People v Park

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People v Park 2018 NY Slip Op 04985 Decided on July 5, 2018 Appellate Division, Third Department Published by New York State Law Reporting Bureau pursuant to Judiciary Law § 431. This opinion is uncorrected and subject to revision before publication in the Official Reports.

Decided and Entered: July 5, 2018
109421

[*1]THE PEOPLE OF THE STATE OF NEW YORK, Appellant,

v

LUKE PARK, Respondent.

Calendar Date: May 30, 2018
Before: Egan Jr., J.P., Lynch, Mulvey, Aarons and Pritzker, JJ.

Barbara D. Underwood, Attorney General (Matthew B. Keller of counsel), New York City, for appellant.

Bruce R. Bryan, Syracuse, for respondent.



MEMORANDUM AND ORDER

Mulvey, J.

Appeal from that part of an order of the County Court of Cortland County (Campbell, J.), entered February 10, 2017, which partially granted defendant's motion to dismiss the indictment.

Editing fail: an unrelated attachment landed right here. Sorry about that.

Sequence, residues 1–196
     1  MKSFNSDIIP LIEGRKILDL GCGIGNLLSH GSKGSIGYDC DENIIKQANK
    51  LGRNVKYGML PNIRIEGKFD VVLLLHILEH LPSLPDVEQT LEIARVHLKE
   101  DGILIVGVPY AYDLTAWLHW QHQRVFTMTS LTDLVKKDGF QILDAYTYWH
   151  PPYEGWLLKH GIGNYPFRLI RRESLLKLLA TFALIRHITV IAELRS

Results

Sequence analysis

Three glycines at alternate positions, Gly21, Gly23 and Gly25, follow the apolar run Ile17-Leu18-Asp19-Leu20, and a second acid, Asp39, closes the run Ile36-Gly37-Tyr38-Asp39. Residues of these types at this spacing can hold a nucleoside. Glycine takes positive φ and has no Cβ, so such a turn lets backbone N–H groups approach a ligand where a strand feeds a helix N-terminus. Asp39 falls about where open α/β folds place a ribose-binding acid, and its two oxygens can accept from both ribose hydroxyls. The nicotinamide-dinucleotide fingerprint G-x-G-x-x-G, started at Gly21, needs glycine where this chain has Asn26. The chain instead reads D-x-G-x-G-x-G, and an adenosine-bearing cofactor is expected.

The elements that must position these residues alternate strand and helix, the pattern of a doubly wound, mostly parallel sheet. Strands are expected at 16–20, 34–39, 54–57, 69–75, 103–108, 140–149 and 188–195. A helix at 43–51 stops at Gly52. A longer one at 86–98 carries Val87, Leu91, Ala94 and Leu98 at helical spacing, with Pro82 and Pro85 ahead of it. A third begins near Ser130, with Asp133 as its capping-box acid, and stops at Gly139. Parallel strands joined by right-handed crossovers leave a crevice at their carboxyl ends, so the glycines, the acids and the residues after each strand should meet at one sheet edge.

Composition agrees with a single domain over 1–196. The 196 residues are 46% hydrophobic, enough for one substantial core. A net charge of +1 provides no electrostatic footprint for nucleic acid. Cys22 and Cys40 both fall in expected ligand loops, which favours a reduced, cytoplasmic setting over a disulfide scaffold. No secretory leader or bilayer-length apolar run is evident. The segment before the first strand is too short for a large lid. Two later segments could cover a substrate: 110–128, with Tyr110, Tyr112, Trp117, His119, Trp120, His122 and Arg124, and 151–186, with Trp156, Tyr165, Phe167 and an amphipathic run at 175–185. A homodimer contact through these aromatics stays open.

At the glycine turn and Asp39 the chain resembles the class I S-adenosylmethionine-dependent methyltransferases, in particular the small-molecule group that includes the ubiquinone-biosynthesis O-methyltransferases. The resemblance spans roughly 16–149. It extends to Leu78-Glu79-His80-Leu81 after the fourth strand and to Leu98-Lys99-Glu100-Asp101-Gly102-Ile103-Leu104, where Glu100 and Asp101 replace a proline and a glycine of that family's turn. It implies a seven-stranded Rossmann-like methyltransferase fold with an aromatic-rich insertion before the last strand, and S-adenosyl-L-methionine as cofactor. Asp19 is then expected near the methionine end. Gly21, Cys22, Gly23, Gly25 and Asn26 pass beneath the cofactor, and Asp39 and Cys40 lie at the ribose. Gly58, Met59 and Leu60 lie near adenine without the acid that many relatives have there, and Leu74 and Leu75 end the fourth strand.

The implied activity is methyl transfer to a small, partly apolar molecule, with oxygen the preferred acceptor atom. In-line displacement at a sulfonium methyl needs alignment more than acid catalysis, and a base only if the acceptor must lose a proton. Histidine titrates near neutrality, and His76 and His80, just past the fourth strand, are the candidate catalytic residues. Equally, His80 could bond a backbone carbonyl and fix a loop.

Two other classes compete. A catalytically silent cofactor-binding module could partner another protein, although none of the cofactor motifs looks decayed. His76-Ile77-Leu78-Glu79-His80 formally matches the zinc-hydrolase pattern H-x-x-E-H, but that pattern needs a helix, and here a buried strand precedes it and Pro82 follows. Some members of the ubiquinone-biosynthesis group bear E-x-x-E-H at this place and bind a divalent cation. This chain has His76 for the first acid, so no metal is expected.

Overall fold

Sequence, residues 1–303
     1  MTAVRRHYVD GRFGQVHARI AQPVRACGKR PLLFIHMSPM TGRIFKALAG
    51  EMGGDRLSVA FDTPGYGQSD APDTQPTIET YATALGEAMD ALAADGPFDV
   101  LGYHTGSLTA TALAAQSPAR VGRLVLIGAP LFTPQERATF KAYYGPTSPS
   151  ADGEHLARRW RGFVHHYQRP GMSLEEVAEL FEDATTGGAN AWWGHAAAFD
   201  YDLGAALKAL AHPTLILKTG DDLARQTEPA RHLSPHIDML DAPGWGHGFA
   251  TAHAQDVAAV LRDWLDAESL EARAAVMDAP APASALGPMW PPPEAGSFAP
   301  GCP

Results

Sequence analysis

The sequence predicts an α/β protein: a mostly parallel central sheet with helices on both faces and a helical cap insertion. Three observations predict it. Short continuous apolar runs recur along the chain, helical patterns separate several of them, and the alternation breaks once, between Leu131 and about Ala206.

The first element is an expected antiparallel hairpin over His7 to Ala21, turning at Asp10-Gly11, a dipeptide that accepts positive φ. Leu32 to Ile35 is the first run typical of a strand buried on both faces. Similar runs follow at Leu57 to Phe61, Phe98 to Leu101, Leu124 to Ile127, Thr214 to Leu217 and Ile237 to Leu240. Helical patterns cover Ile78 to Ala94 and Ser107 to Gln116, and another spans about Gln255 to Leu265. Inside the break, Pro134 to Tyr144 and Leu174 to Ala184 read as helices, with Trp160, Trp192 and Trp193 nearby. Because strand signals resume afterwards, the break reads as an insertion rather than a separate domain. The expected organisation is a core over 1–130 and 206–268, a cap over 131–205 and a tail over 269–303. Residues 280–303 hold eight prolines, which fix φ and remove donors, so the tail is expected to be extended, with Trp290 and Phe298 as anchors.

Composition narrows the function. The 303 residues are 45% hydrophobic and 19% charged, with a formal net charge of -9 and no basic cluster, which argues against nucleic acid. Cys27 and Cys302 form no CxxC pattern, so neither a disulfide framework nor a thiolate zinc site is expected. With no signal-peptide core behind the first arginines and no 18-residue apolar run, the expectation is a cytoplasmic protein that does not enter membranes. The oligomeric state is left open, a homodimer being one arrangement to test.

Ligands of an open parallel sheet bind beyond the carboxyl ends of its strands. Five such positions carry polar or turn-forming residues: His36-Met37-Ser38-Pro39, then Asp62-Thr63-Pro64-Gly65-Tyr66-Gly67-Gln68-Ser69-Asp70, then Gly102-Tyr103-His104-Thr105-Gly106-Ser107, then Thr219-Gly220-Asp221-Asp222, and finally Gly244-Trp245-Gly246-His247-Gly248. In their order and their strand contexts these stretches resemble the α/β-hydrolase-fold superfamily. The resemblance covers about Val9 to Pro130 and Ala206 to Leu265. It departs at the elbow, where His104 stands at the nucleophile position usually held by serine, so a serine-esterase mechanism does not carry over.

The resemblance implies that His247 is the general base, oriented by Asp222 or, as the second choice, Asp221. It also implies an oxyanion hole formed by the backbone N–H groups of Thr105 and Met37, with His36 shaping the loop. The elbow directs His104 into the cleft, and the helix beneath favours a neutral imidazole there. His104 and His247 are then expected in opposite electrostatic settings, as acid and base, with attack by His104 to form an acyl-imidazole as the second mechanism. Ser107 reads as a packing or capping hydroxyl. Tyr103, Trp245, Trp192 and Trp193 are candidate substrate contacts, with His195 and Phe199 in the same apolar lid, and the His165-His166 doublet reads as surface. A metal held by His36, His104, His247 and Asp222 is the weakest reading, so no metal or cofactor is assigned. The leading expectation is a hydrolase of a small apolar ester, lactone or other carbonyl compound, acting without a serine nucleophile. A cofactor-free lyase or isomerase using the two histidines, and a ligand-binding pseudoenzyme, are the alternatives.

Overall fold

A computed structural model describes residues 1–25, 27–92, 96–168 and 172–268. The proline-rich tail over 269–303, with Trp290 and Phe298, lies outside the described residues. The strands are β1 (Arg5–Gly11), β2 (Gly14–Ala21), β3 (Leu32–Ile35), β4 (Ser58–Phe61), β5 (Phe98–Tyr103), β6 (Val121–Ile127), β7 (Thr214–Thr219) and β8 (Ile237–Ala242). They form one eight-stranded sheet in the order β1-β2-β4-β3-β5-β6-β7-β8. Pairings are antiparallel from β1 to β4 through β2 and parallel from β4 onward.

In July 2015, a 14-year-old was killed while operating heavy machinery at Park Family Farms, a farm owned in trust by defendant. The Department of Labor audited the farm in connection with a subsequent investigation into the boy's death, in the course of which it was discovered that the farm, among other things, failed to report the wages of certain employees in quarterly unemployment insurance tax returns (hereinafter NYS-45 forms), resulting in an underpayment of employee insurance contributions. After the investigation was complete, a grand jury returned a 15-count indictment charging defendant with four counts each of falsifying business records in the first degree, offering a false instrument for filing in the first degree and willful failure to pay unemployment insurance contributions, one count of endangering the welfare of a child and two counts of prohibited employment of a minor. Defendant thereafter moved to, among other things, dismiss the indictment on various grounds. County Court partially granted defendant's motion and dismissed the four counts of falsifying business records in the first degree and the four counts of offering a false instrument for filing in the first degree (counts 1 through 8), finding that the evidence submitted to the grand jury was legally insufficient to establish that defendant had knowledge of the content of the NYS-45 forms. The court also dismissed the two counts of prohibited employment of a minor (counts 14 and 15) on [*2]the ground that the section of the Labor Law referenced therein did not constitute a chargeable offense. This appeal by the People ensued.